Being pregnant increases risk of crashing while behind wheel, research shows

Tuesday 13 May 2014 16.34
Canadian scientists found one in 50 pregnant women can expect to be involved in a car crash while at the wheel
Canadian scientists found one in 50 pregnant women can expect to be involved in a car crash while at the wheel

Being pregnant significantly increases a woman driver's chances of having a serious car crash, research has shown.

The risk of requiring hospitalisation for injuries sustained in a road accident increases by 42% for pregnant women in the second trimester of pregnancy - weeks 14 to 26. 

Canadian scientists studied more than 500,000 pregnant women and found that about one in 50 can expect to be involved in a car crash while at the wheel. 

In the three years before getting pregnant, the women had an average of 177 crashes between them per month. This rate rose by 42% to 252 crashes per month for those in the second trimester, or middle period of pregnancy. 

Writing in the Canadian Medical Association Journal, the researchers said the crash rate was "almost fully explained" by multiple-vehicle collisions in which the woman had been driving a car. 

Lead researcher Dr Donald Redelmeier, from the University of Toronto, said: "Pregnant women often worry about air flights, scuba diving, hot tubs and other topics in maternal health, yet individuals may overlook traffic crashes despite their greater health risks".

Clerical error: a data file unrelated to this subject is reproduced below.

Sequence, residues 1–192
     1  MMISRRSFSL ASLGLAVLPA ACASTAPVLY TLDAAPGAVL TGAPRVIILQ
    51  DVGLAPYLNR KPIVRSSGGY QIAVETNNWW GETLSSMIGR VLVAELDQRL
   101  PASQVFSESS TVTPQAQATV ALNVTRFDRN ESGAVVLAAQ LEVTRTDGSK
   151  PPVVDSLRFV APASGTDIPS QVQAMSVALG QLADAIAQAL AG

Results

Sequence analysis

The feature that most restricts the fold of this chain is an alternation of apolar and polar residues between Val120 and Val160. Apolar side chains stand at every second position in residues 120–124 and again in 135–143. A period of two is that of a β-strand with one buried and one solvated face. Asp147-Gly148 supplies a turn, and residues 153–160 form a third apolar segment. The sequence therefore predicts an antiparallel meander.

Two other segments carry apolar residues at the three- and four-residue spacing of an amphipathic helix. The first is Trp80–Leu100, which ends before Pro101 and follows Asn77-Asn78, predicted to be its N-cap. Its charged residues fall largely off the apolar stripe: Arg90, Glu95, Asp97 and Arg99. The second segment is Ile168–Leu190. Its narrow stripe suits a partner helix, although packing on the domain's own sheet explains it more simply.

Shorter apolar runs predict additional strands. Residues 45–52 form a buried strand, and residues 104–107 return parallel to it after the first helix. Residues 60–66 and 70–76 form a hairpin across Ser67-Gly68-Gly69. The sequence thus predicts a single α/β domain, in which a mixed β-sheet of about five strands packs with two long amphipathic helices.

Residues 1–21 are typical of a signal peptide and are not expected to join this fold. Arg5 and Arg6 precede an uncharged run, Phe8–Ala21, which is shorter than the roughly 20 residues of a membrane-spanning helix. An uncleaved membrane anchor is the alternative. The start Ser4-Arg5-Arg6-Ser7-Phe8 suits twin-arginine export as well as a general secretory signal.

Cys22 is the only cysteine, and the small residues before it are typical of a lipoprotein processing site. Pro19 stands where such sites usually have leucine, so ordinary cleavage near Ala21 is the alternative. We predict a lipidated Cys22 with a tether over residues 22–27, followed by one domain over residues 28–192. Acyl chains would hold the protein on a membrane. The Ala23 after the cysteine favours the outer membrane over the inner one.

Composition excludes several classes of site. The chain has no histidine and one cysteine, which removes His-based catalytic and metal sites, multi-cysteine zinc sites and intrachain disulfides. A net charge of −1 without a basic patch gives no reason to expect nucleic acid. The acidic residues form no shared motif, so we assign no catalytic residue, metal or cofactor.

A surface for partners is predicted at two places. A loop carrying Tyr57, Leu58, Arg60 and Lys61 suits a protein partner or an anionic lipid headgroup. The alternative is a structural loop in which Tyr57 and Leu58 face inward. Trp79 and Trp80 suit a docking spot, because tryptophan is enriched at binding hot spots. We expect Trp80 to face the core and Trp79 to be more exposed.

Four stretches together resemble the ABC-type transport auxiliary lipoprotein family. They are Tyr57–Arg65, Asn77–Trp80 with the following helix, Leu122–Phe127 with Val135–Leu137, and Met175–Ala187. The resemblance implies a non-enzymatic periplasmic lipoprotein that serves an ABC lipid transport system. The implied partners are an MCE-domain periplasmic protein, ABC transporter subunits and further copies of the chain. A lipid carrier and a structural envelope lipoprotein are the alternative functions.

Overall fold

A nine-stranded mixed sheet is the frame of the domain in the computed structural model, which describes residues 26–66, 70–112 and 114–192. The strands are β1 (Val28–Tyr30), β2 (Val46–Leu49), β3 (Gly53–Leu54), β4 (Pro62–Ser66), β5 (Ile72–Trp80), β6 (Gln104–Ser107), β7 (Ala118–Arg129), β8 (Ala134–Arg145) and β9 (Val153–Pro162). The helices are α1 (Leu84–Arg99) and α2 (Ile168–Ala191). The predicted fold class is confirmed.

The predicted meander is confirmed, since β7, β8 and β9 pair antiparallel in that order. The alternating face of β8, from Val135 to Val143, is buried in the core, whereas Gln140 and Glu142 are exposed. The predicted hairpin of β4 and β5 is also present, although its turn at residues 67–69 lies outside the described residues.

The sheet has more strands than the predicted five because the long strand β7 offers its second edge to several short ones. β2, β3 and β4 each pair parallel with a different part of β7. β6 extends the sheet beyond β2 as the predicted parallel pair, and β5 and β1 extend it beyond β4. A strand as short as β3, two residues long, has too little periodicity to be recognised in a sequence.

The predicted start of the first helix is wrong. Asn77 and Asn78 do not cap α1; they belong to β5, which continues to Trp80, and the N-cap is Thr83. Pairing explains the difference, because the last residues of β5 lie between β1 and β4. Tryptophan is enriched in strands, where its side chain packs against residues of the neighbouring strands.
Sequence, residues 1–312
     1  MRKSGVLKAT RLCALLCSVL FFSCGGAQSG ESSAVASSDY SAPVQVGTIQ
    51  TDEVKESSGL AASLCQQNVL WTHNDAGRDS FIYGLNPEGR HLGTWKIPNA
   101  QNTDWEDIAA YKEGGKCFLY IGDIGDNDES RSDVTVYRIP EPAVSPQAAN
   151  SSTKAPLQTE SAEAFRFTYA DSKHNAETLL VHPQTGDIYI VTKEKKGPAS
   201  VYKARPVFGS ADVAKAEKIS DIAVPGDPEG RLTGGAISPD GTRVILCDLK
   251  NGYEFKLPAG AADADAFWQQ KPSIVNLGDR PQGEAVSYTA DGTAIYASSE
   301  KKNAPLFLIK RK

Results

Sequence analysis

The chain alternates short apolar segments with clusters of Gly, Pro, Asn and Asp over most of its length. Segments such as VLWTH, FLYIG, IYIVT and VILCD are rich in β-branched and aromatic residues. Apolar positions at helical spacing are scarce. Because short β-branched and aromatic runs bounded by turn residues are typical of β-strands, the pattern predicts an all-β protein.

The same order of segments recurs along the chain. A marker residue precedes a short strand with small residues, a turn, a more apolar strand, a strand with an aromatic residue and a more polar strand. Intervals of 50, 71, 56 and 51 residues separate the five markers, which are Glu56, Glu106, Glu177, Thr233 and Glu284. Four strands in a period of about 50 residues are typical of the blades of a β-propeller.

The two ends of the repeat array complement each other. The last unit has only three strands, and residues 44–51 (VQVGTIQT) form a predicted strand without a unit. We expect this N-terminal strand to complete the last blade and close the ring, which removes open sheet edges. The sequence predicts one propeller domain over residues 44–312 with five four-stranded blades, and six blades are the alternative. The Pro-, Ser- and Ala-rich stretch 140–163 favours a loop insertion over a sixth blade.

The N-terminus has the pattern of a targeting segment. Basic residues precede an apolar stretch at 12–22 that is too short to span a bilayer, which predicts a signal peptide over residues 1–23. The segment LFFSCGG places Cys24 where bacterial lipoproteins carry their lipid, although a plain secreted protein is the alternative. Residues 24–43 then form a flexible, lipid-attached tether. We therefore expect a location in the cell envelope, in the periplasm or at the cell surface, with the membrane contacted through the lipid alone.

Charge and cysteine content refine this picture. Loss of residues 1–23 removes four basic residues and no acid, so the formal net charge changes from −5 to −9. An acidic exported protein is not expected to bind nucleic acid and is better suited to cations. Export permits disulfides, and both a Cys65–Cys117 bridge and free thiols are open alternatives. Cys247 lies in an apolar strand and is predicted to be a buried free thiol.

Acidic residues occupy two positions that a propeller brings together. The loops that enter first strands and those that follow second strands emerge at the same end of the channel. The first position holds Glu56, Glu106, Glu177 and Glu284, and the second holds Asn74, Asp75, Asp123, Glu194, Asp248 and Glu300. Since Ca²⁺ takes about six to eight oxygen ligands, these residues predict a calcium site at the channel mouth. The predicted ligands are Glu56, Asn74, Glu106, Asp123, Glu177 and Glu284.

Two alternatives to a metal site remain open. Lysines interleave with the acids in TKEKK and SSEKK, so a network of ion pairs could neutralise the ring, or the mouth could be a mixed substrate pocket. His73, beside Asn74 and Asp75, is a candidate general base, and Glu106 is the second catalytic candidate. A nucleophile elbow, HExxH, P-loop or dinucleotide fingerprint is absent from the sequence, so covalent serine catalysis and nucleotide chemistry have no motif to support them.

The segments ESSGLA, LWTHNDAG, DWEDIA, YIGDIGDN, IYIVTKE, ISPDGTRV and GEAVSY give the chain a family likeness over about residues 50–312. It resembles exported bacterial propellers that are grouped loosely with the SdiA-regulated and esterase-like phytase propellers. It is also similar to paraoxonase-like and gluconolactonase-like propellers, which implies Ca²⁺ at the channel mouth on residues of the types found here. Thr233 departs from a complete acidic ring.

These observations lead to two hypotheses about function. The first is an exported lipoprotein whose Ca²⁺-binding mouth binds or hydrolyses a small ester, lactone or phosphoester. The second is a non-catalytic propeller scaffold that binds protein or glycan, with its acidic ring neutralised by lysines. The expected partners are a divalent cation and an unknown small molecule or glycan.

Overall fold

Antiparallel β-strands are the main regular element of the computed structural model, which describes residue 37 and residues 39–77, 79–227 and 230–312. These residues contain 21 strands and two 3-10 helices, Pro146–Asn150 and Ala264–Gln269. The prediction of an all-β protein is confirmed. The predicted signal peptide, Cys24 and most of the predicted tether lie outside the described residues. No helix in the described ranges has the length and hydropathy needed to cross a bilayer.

"These findings are not a reason to decide not to have children or a reason to stop driving; instead, the findings primarily emphasise the need to drive more carefully", he said.

"Even a minor motor vehicle crash during pregnancy could lead to irreparable consequences for mother and child", he added.  

Accidents amongst pregnant pedestrians or car passengers did not see an increase, while pregnancy was found not to increase the rate of falls or risky behaviour. 

The study, published in the Canadian Medical Association Journal, explored whether common features of pregnancy such as nausea, fatigue, insomnia and distraction might contribute to human error and increase the risk of traffic accidents.

Researchers also outlined the effects of "baby brain" - a mental "fog" said to be associated with pregnancy - in their paper, but stop short of linking this directly to a heightened risk of road accidents. 

"Community surveys suggest that about half of pregnant women complain of sporadic cognitive lapses; however, laboratory studies in this setting provide results with uncertain clinical relevance", they wrote. 

The absolute risk of pregnant women having a serious car crash was still found to be lower than that of men of the same age.